How Three Cases of Animal Attack Could Lead to a Dog Bite Lawsuit

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How Three Cases of Animal Attack Could Lead to a Dog Bite Lawsuit

As much as we love and trust our pets, we know that they can be somewhat unpredictable. For the most part, we’re pretty good at anticipating a dog’s reactions. We know what triggers them to bark, what makes them scared or happy or stressed out. Unfortunately, we don’t always know what can make a calm and well-rounded dog without any history of aggression suddenly turn and bite someone. When it comes to dog bites, the main thing that the owners of the attacking dog claim is that the attack or bite was completely out of character. Most of the time, these dog bites are the first offence.


A dog bite can come without warning or provocation. In dog-friendly cities like Toronto with an extremely high dog-per-household ratio, incidents of attacks are more common, and dog bite lawsuits are on the rise. To demonstrate how quickly a situation can escalate, read on to learn more about these three dog bites that happened in the Greater Toronto Area in the last year.


Maryanne Leishman in East York


On June 22nd, the 58-year-old Maryanne Leishman and her dog were walking down the street when a dog ran out of a nearby house and attacked Leishman and her dog. Although the owner quickly ran out and separated them, Leishman and her pet still sustained injuries that were later treated at the hospital.


The police responded to the incident, but, according to Leishman, failed to charge the owner under the grounds that dogs are allowed off leash on their owner’s property. While the injuries sustained weren’t life threatening to either Leishman or her dog, Leishman felt that justice wasn’t properly served that day. According to Section 4 of the Dog Owner’s Liability Act, “A proceeding may be commenced in the Ontario Court of Justice against an owner of a dog if it is alleged that, (b) the owner did not exercise reasonable precautions to prevent the dog from (i) biting or attacking a person or domestic animal.” Based on the fact that the dog ran out of the house and onto the sidewalk, one could argue that the owner did not exercise reasonable caution to keep his dog from escaping his property.


Toni Baxter at Woodbine Beach


Toni Baxter and her dog were walking the boardwalk at Woodbine Beach when a man set his pit bull on them and allowed the dog to lunge after them while he stood back and watched (apparently amused by the situation). Although the police were called, the man had already taken control of his dog and removed himself. Baxter had to get a tetanus shot from a bite sustained while trying to protect her dog which was, coincidentally, a pit bull mix.


As part of the Dog Owner’s Liability Act, pit bulls are strictly banned in Ontario. If the man were ever identified and his dog apprehended, the law would require it to be destroyed. The issue of breed-specific legislation has always been a contentious one, but this incident clearly shows that a dog’s behaviour, no matter what its breed, is dictated by its owner’s training. The owner of the attacking pit bull conditioned his dog to be aggressive, while Baxter’s dog of a similar breed was scared and submissive like most other breeds would be in that situation. Regardless, the ban applies to all pit bulls, no matter how well-mannered they are.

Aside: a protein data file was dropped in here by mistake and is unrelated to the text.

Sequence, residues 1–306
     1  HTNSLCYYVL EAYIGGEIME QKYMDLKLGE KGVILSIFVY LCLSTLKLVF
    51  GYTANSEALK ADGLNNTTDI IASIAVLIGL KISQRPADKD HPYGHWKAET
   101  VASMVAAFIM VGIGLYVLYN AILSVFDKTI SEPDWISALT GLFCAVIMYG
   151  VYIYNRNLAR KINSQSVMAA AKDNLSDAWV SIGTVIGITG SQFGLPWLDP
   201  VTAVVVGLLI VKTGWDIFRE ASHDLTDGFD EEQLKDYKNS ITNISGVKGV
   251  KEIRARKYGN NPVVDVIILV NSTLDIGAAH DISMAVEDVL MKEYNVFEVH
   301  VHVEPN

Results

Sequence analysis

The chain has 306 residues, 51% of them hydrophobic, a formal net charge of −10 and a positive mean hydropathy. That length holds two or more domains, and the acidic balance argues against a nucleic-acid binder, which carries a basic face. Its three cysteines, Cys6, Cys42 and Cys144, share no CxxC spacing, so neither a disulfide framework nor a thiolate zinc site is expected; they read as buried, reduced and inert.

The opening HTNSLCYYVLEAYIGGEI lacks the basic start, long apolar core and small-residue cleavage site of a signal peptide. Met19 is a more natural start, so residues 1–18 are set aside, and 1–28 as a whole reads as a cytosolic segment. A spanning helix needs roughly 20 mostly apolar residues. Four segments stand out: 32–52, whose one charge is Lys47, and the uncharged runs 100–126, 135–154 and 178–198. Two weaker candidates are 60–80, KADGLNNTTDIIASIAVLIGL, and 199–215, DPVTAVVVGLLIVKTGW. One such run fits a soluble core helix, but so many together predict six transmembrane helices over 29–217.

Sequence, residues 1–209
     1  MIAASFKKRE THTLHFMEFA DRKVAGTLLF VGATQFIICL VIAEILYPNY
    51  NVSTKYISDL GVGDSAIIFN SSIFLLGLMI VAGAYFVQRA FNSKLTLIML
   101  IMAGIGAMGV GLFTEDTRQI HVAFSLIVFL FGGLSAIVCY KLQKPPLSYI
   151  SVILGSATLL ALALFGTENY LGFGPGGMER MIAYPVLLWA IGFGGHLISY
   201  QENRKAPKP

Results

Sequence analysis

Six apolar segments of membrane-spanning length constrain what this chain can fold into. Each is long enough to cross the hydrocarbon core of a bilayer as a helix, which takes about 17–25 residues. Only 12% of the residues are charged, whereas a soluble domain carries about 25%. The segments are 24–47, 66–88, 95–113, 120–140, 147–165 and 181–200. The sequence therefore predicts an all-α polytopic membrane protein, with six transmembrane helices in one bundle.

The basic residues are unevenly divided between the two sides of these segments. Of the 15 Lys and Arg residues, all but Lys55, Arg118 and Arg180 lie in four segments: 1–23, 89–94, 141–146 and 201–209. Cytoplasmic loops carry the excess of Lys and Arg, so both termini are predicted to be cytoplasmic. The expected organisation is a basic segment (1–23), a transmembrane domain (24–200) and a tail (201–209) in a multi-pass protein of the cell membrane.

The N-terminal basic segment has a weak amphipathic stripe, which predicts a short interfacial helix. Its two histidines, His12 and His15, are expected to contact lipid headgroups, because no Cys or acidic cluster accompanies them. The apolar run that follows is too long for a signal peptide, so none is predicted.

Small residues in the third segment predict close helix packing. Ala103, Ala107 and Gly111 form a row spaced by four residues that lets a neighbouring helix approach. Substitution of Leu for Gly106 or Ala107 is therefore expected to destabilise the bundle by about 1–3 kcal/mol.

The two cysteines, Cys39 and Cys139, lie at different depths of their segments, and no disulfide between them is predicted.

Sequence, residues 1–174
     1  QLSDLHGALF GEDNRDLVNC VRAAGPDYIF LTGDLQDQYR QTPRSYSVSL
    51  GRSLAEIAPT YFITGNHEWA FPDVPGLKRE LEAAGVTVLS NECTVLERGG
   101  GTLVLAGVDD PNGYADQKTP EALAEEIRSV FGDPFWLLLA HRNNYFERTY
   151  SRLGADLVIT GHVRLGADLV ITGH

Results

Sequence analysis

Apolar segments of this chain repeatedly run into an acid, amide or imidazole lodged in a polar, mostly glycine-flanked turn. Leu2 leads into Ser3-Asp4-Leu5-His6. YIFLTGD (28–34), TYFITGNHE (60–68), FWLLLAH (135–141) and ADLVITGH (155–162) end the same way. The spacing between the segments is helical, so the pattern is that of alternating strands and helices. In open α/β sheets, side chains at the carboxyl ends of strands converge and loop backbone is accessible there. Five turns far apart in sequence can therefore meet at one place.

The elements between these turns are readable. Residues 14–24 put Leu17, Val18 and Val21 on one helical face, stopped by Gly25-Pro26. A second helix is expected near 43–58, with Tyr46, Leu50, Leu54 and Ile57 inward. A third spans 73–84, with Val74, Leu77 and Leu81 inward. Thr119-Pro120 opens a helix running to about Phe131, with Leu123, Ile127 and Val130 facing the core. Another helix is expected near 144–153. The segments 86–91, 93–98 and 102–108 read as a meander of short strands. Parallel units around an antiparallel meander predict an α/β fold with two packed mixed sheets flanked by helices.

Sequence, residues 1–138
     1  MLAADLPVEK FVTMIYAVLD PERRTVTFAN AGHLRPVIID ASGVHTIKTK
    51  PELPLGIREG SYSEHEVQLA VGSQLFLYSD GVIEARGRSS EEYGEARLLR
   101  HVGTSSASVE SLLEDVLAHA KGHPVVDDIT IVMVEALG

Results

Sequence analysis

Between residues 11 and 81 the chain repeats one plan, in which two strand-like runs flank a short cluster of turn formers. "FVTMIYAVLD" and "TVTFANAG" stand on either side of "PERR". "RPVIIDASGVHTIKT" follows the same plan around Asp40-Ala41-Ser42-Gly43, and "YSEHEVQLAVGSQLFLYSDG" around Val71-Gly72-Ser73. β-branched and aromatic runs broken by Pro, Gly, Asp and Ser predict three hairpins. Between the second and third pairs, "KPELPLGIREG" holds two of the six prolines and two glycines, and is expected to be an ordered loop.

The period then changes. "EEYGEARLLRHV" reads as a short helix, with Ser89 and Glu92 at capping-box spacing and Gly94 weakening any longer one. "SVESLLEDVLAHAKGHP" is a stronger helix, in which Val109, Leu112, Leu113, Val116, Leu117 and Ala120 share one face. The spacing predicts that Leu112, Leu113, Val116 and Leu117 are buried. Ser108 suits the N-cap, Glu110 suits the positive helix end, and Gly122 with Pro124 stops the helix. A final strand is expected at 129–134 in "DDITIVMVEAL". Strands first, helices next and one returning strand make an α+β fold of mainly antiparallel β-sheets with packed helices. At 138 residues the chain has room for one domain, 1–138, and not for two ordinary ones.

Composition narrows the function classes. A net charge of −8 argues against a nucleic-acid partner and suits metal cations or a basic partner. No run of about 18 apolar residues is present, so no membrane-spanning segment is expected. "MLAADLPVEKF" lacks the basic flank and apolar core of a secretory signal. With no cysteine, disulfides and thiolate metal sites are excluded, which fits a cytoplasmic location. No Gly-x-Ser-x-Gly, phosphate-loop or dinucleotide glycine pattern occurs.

Copper the Dog in Thompson Memorial Park


On August 19, while playing in the off-leash area of Thompson Memorial Park in Scarborough, Copper, the 11-year-old toy poodle, was mauled and killed by a bull terrier mix. While the park had designated sections for small, medium, and large dogs, Copper was allegedly in the large breed area of the dog park when he was attacked, which there is technically no law against. Copper’s owners, David Hardy and Maime Gould were bit in the process of trying to remove the dog from Copper, but were unable to save their little dog.


The bull terrier mix was with its dog walker at the time. Although the police were involved, no charges were laid. The Act protects people as well as their pets against dog attacks such as Copper’s. A dog bite lawsuit is not out of the question for Hardy and Gould, who may decide to pursue legal action against the dog’s owner for the bites sustained while trying to help Copper, but also on behalf of Copper himself.


In the Event of a Dog Bite


If you or your beloved pet have been severely injured by a dog bite, remember that the law is on your side. Seek medical attention immediately and call 311 to report the incident. If you see a dog attack, call the police. After the incident, the scars on your body may not be the only ones left behind. In cases like Copper’s, the loss of a pet can be just as harrowing and traumatic as the loss of a relative. Booking a free consultation with a personal injury lawyer at Sokoloff Lawyers will help you get the peace of mind you and your family deserve.



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